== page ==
What is the value of integrating qualitative analyses in quantitative project evaluations? According to a group of researchers from Bioversity International, World Fish and Nepalese NGO LI-BIRD, qualitative research is not only valuable, but in fact essential for holistic project evaluations.
In the brief ‘Mixing Methods for Holistic Project Evaluations: Revisiting Nepal’s Home Garden Project through a Qualitative Lens’, researchers Marlène Elias and Miranda Morgan argue that whereas quantitative methods shed information on trends expressed among project beneficiaries and non-beneficiaries, qualitative methods are needed to explain why and how a project has achieved the observed impacts.
The researchers explain that qualitative (process) evaluations help contextualize projects within their larger systems, pointing to various factors external to the projects that come together to facilitate changes in livelihoods or in the environment. In the case of the ‘Home Garden’ project in Nepal, these factors included the village’s acquisition of electricity, water pumps and mills, male outmigration and girls’ education, among others—without which the changes observed may not have come about.
The qualitative analysis further illuminated unanticipated project outcomes, which participants themselves perceived as meaningful. For instance, both male and female participants expressed that some of the biggest changes they experienced were associated with relations across castes (socio-religious groups in Hindu societies), which had not been anticipated and hence not measured using pre-defined indicators. The qualitative evaluation revealed how and why the project was particularly significant to certain participants, such as women from marginalized castes, and captured the importance of the project in participants’ own terms. The project’s intellectual and emotional benefits then emerged as even more significant to participating women and men than the material outcomes of the project. The qualitative research also showed that transformations in gender and social relations often occur when the various groups enmeshed in unequal relations (e.g. women and men, members of different ethno-religious or socio-economic groups) are involved in projects together and encouraged to interact.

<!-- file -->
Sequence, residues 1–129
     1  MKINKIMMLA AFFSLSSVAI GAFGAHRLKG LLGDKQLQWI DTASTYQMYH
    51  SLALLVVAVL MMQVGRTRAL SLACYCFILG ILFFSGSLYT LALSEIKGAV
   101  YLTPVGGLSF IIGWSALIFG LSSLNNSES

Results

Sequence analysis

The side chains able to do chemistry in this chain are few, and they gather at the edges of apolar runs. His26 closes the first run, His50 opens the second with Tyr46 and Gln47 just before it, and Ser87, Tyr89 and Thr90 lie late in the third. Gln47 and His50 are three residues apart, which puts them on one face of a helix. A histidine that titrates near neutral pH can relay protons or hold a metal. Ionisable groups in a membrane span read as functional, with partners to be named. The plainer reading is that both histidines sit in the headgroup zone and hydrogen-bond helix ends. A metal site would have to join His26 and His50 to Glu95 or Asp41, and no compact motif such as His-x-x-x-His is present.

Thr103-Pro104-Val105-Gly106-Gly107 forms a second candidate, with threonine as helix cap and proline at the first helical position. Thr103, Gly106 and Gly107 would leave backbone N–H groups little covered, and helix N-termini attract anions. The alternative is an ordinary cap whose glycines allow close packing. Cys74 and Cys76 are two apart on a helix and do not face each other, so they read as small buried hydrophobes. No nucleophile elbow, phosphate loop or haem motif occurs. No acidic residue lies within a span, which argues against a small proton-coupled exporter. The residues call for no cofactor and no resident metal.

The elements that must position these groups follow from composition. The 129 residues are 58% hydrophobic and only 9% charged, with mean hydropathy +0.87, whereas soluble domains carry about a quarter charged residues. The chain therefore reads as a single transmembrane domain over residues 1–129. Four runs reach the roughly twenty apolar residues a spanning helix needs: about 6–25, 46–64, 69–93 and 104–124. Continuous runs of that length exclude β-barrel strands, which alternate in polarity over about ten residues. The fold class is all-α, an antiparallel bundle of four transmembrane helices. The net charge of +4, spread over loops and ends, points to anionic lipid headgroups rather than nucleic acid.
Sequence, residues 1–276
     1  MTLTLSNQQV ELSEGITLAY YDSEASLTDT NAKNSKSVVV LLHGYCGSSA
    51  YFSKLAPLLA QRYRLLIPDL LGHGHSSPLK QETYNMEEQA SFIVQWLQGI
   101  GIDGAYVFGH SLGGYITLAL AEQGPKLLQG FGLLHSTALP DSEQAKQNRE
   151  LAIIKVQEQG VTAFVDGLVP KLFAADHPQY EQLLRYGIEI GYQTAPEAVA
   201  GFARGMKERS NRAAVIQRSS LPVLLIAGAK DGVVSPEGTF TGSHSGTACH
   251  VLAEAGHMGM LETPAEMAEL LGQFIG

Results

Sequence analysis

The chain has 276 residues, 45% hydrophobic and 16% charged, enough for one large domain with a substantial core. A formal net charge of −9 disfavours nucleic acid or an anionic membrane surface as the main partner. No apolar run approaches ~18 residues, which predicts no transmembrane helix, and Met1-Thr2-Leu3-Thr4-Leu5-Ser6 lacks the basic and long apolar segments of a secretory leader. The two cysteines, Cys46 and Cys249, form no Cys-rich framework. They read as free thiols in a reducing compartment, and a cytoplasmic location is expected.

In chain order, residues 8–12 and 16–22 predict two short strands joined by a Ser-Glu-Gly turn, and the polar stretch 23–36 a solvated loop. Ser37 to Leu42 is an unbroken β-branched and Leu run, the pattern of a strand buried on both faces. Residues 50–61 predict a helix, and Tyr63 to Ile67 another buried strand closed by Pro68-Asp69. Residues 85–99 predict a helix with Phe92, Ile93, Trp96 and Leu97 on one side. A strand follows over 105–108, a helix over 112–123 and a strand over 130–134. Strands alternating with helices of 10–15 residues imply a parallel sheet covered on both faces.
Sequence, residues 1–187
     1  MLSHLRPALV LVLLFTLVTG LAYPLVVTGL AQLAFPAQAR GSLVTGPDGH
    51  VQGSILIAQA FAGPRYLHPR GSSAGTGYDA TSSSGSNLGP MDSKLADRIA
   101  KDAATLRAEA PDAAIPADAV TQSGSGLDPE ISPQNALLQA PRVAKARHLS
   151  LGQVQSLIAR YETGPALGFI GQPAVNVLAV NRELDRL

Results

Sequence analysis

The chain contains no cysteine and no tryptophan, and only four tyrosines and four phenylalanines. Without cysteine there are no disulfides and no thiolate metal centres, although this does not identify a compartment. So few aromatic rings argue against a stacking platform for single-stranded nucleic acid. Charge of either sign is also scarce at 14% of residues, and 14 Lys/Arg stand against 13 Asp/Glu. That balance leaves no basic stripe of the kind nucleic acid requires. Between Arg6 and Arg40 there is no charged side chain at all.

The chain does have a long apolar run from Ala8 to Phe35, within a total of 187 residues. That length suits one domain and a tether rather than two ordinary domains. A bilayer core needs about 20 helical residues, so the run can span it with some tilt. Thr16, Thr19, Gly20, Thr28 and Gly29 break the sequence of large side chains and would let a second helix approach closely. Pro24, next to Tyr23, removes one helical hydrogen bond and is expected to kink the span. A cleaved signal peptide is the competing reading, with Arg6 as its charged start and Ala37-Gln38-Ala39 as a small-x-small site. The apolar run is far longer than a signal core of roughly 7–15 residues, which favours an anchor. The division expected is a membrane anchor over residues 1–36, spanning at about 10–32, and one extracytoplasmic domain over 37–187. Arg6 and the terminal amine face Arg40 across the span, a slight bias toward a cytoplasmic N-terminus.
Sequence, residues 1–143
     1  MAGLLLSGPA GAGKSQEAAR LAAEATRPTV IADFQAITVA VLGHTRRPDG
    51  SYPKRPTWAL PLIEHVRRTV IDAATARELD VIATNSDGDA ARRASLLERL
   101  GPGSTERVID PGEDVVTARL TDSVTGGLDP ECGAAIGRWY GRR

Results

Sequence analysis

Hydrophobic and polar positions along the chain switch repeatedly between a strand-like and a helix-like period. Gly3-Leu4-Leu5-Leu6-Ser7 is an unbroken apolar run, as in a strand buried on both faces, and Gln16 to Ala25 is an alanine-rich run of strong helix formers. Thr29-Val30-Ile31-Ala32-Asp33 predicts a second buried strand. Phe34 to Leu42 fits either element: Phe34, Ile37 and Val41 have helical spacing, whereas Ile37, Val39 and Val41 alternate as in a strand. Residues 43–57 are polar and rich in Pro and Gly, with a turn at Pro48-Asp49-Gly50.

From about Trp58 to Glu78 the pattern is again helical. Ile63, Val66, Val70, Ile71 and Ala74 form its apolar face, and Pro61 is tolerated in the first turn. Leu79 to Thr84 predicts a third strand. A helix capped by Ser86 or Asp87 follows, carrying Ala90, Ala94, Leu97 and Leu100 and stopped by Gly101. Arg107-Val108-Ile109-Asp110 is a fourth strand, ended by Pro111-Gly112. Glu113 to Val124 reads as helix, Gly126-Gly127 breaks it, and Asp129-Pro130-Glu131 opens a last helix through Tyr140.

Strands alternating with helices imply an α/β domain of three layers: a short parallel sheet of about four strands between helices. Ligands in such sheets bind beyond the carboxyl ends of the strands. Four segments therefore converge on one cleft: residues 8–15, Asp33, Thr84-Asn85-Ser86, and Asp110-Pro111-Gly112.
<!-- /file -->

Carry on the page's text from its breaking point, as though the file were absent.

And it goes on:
The authors conclude that despite the limited resources and sample size available for project evaluations, it is possible to elicit critical qualitative information on the impacts of a project by conducting a limited number of in-depth key informant interviews and focus groups with project participants and non-participants. They stress the importance of working with both women and men from different social groups—ages, socio-economic, ethnic or socio-religious groups—to gain perspective on the often distinct experiences of these groups. When doing so, the combination of quantitative and qualitative methods allows for a clearer understanding of a project’s impacts and effectiveness. If the purpose of evaluations is not only accountability but also learning, mixing methods is needed to enable the wide and deep understanding needed to can guide future interventions.
Read the full brief ‘Mixing Methods for Holistic Project Evaluations: Revisiting Nepal’s Home Garden Project through a Qualitative Lens’
The first phase of the 'Home Gardens' project was conducted by Bioversity International, LI-BIRD and the Swiss Agency for Development and Cooperation between 2002 and 2005. In 2014, researchers from Bioversity International’s CGIAR Research Programme on Forests, Trees and Agroforestry, WorldFish researchers from CGIAR Research Programme on Aquatic Agricultural Systems and scientists LI-BIRD headed to the field in Nepal’s Gulmi District to examine the processes of change in gender relations that can result from biodiversity research for development projects.
Photo: A group of men take part in fieldwork, Nepal. Credit: Bioversity International/M. Elias